Chin: Although Darchinyan suffered a humiliating knockout to Donaire, his chin is has proven to be very reliable throughout his 10-year career. (And given the scary power Donaire showed recently at bantamweight, should there be any shame attached to being stopped by a perfect punch landed by the Filipino Flash at flyweight?) Darchinyan took the hardest shots from Agbeko, a strong bantamweight, for 12 rounds without getting hurt. Mares, who has never been down in his pro career, took the best punches from Perez for 12 rounds without being shook or wobbled.
Conditioning: Both fighters take their careers very seriously and are extremely hard workers in the gym. Neither man has ever shown up out of shape for a fight or faded badly down the stretch of a distance bout.
Wear and tear: Neither fighter has taken a terribly bad beating in the ring, although Mares‘ 12-round bout with Perez was grueling and Darchinyan‘s distance loss to Agbeko was mildly punishing. The younger man has the edge in this category just by being nine years younger and having four less years in the professional ranks.
Corner: Darchinyan‘s trainer Vazgen Badalyan was his amateur coach who joined his pro team after the loss to Donaire. Badalyan guided Darchinyan to some of his best victories (Kirillov and Mijares) but was also in charge when the fighter failed to make adjustments in the loss to Agbeko.
Mares trained with Clemente Medina for this bout. Medina trained him for his first six bouts but the fighter moved on to Floyd Mayweather Sr., Joey Oliva, Oscar Suarez, Nacho Beristain and Joel Diaz before returning. Mares has managed to retain and combine the various styles he learned with his many past trainers and Medina, a veteran coach who trains junior middleweight contender Alfredo Angulo, is very good at refining technique.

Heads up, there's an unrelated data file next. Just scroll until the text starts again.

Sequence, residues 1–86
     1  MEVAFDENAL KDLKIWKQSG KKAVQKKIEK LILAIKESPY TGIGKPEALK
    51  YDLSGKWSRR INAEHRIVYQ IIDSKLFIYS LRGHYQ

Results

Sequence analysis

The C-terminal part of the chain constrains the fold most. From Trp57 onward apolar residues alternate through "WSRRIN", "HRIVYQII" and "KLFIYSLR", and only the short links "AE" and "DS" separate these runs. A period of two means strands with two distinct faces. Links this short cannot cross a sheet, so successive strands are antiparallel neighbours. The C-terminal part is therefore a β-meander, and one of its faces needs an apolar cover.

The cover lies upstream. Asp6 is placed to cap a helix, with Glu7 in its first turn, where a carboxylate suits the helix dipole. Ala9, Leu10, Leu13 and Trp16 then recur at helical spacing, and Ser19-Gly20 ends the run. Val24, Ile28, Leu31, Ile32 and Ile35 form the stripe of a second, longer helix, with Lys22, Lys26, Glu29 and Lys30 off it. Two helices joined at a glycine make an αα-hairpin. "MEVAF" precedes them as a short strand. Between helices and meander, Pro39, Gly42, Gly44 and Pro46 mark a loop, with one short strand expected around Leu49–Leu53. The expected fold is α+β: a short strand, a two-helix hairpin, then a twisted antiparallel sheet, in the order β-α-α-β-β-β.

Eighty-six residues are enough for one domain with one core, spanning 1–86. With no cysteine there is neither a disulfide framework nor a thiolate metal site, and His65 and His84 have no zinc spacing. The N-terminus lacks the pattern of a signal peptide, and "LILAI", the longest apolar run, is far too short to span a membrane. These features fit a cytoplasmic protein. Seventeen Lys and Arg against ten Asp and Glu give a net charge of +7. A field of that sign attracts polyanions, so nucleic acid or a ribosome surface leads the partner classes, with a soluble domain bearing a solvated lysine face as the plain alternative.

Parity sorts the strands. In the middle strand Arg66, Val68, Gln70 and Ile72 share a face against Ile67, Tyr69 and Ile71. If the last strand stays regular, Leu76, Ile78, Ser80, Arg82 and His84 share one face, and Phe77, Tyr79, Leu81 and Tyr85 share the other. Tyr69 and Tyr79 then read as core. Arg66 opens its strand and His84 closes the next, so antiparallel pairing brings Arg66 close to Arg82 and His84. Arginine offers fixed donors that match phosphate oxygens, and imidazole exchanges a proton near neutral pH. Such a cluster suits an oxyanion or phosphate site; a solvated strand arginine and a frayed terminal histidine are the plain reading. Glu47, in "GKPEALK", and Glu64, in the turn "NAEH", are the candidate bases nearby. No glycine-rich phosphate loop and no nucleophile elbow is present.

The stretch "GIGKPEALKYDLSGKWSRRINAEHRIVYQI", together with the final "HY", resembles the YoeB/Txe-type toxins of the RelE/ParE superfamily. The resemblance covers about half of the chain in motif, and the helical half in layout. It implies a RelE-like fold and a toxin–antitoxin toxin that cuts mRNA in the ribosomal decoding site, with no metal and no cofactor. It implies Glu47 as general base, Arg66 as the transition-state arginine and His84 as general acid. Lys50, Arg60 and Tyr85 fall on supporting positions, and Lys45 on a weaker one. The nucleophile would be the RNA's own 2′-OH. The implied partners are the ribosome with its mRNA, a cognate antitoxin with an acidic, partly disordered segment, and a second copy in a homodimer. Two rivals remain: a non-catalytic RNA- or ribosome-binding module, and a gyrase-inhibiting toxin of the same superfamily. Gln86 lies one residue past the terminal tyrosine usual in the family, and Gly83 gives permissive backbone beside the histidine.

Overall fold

Outcome: Mares will respect the fearsome reputation of Darchinyan’s punching power by boxing from a distance in the early rounds, constantly working his jab and always moving to his left (away from the veteran‘s power hand). Instead of stalking forward, Darchinyan will get on his toes and try to clip Mares with long-range counter punches. He will occasionally connect with hard hooks and overhand lefts but Mares will take the shots well and return fire. The action will heat up in the third when Mares hurts Darchinyan with a left to the body and follow-up combination that backs the older man to the ropes. Mares will press Darchinayn only to catch a flush left uppercut that rocks him back on his heels. Mares will backpedal for the rest of the round while his head clears. Mares will resume his stick-and-move tactics in the middle rounds, much the way he did in his fight with Perez, but he’ll find that Darchinyan will not press him as hard the Colombian did. Darchinyan will take his time and try to counter Mares whenever the young contender slows down to let more than his jab go. Whenever Darchinyan lands a good shot, Mares will drop a quick -three-punch combination before spinning out of range. In the eighth round, Mares will begin to apply pressure, often stepping forward with a right to the body as he ducks under Darchinyan’s jab and following-up with a left hook to the head. In the ninth, Mares will score with a double jab-right hand combination that backs Darchinyan up. Mares will step up his pressure and focus his offense on Darchinyan’s body down the stretch. Darchinyan will gamely fires back but without the power he had during the first half of the bout.
Prediction: Mares by close but unanimous decision.